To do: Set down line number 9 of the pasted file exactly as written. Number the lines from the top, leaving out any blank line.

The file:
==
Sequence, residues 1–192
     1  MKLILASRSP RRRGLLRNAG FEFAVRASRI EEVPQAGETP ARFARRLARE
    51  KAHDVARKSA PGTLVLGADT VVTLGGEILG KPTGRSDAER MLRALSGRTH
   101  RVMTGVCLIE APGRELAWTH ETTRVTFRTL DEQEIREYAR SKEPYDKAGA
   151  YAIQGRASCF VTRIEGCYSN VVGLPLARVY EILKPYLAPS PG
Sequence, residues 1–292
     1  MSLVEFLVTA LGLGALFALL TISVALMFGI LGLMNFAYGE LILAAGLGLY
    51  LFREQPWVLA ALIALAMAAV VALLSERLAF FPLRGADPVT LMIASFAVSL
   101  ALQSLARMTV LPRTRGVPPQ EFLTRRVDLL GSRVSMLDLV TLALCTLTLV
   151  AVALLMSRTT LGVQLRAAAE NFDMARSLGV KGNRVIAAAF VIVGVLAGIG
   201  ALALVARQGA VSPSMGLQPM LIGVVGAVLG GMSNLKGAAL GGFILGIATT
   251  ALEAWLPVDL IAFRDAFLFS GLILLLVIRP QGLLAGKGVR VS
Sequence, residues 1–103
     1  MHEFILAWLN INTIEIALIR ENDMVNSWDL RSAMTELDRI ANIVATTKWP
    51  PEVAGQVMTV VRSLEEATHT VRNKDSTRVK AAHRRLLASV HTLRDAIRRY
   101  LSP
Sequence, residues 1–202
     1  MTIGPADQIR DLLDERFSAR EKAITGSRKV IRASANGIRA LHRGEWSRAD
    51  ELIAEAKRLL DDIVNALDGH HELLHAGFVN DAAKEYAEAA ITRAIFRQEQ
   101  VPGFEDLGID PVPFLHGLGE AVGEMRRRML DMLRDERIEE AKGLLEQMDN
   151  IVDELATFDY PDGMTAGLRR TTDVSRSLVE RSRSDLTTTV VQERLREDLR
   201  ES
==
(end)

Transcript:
   101  ALQSLARMTV LPRTRGVPPQ EFLTRRVDLL GSRVSMLDLV TLALCTLTLV